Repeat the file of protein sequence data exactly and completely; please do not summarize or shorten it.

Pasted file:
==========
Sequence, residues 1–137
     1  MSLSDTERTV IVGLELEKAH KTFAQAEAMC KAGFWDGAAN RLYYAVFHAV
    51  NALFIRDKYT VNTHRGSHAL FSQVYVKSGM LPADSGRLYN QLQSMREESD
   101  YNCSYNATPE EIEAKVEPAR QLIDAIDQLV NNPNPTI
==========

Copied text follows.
Sequence, residues 1–137
     1  MSLSDTERTV IVGLELEKAH KTFAQAEAMC KAGFWDGAAN RLYYAVFHAV
    51  NALFIRDKYT VNTHRGSHAL FSQVYVKSGM LPADSGRLYN QLQSMREESD
   101  YNCSYNATPE EIEAKVEPAR QLIDAIDQLV NNPNPTI